Archive for May, 2009

Support, love and encouragment

What continues to strike me so far when learning about the people and issues that have had learning challenges or LD is how essential it is to for anyone with learning challenges (and I might go on to say, that for me, really anyone learning) is to have love and support. This seems really a key determining factor in most of the success stories that I’ve read so far.

The other amazing thing is to look at the stories of people who have been highly successful in their lives, despite being extremely challenged to read or write, to figure math, or to be organized. What inspiring examples to the need testimony of perseverance and belief in the possibilities that may be. It’s also interesting to note that many were driven by the frustration or anger of feeling like they were “dumb”, or that they were rejected by teachers and administrators or the system. They seemed to want to prove to everyone they could make it despite the challenges they faced. And I can understand that they didn’t publicized their challenges, the world would have castigated them and often did for how they didn’t fit the model of what was considered normal.

So often it seemed that teachers had such a set idea about intelligence having to do with reading, writing and the 1, 2, 3’s and that if one didn’t meet that idea one was cast out… One person called it not a ‘learning disability’, but rather a ‘teaching disability’. That seems quite right on. I think I have run into quite a lot of teaching disability in my own journey. What is there to learn from this? To understand that there are diffferent ways of learning? To realize that there may be intelligence despite one’s inability to read, or write to do math? Any still, what about those who are not so intelligence? Are they less of a human being?

One of the things that struck me was that for many who have gone through such challenges they seem to have developed a heightened ability to understand others, communicate, and have respect for others wherever they are. Even being in an advance position in their work life, they seemed be able to keep present to the fact that others may have challenges too. This seems to have come through the adversity and constant failure they faced and seem to continue to face. What a gift!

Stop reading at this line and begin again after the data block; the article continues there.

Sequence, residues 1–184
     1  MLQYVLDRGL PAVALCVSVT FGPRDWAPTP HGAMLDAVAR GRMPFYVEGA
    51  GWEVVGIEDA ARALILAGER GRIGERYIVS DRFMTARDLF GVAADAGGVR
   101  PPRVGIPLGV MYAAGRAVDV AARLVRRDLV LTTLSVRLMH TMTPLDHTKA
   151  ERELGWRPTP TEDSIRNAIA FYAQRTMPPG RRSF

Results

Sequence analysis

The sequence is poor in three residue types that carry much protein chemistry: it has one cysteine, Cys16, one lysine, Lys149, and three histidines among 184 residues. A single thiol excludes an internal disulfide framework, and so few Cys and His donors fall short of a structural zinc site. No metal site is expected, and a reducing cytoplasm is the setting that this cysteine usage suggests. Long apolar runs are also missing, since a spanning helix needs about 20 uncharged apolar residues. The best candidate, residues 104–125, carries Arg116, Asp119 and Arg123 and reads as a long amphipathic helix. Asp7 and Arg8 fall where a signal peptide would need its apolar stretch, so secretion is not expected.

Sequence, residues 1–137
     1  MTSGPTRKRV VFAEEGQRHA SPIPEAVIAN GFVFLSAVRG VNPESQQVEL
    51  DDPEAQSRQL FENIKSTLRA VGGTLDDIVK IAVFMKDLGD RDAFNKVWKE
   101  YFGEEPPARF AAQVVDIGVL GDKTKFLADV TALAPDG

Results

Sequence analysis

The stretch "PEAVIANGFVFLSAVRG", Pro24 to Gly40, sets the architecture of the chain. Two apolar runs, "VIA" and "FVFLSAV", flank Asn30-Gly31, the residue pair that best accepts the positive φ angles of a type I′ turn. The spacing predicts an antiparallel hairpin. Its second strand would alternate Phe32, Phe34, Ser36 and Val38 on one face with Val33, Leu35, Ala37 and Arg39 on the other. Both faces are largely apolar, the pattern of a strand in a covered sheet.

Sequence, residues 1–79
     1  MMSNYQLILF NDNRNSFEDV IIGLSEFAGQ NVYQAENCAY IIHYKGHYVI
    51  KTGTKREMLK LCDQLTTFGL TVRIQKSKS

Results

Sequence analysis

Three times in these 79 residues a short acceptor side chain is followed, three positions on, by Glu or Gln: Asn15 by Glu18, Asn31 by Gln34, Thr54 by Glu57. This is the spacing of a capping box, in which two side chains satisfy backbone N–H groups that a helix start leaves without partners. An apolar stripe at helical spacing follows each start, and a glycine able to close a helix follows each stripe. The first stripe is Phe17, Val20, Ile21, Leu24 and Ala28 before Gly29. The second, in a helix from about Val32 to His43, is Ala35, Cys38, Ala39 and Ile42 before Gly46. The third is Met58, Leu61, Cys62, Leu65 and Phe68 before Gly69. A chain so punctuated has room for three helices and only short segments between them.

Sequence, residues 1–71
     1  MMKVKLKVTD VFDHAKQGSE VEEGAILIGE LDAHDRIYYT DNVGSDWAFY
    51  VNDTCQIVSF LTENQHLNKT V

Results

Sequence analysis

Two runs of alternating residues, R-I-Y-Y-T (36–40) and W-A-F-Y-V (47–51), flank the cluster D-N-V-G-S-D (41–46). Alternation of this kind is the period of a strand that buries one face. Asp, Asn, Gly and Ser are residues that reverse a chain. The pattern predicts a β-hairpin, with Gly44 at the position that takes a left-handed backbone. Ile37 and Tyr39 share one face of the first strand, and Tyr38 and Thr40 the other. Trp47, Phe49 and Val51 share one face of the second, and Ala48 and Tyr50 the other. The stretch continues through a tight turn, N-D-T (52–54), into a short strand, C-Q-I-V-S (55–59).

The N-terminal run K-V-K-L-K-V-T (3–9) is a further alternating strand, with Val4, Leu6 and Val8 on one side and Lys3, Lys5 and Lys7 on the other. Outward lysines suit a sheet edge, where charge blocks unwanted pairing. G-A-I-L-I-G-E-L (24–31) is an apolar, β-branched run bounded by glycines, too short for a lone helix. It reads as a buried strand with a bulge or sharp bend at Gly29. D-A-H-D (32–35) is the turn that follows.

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Learning about adults with Learning Disabilities

Today was our first class with Dr Gerber. I found it quite engaging. The approach that we are people first and any kind of disability is second resonates well with me. It seems to be important to first of all connect with others at the level of being a human being. If I can remember this and really be present with my heart no matter what the challenges the other person is dealing with, then I’ve found there to be opportunities for a deeper connection and, I think, the respect for the potential of the other to contribute, whatever they can. Of course, there are my own challenges that may prevent such a state of being present. However, it has happened from time-to-time (somehow), and I hope that by becoming more conscious of what’s involved in learning disabilities that it will be possible to be more fully present more frequently.

One of the things that strikes me is that despite the challenges that are faced, people are able to go beyond the limitations and become successful in a wide variety of fields or areas of life. It seems that what is considered a ‘normal’ way of learning or doing something is perhaps just what is more common among a majority of people. It doesn’t mean it is necessarily the only way to do something or the only way to look at something. Surely, there are a variety of perspectives that are valid. And while it seems that there are many challenges with being learning disabled, there is also the possibility of the challenges being a motivating force to put in more effort which may also involve finding a different way to do something. And in this different way of seeing, doing (and perhaps feeling about…), there’s the chance to arrive at a perspective that might be quite new and fresh.

I guess one of the challenges to deal with is to somehow broaden the perspective about what is considered ‘normal’ in regards to how people with learning disabilities can function. In this regard, it seems important for anyone with learning disabilities, when deemed appropriate to be able to be specific about just what their learning disability is (particularly in the environment of education or a job). And yes, I can see that at other times in various types of social settings, it is not necessary at all to mention having a learning disability.

And if i really look at the list of various types of learning disabilities, I can find quite a few for which I raised my own hand. I guess most of us human beings have some degree of learning disability in some areas of our life. Perhaps that’s part of being human! The issue may be that in recognize at least some degree of our own disability, we may then be able to more easily accept and support others with learning disabilites.

Sprouting perspectives…


I enjoyed the team building activity on Monday. It was a nice way to finish the last class gathering. The photos to pick from were really powerful images and could be used for so many similar type activities. It’s a nice way to have people reflect and share their thinking in a way that others can relate to. Taking images from everyday life that we are familiar with in some way and then using them to tell a story about how you see something or another. It really seems to open up another avenue of connection. This is definitely a socially oriented activity. However, to me it was also definitely related to our task work in the class and our teams.

And now, the semester is over and “Learning in Groups and Teams” is also now an item that I can add to my shoebox. I think many seeds have been planted during this semester. They will need some further nourishing from the nutrients found in the soil of persistence, the light of action, the air of courage, the water of reflection, and the spirit of inquiry…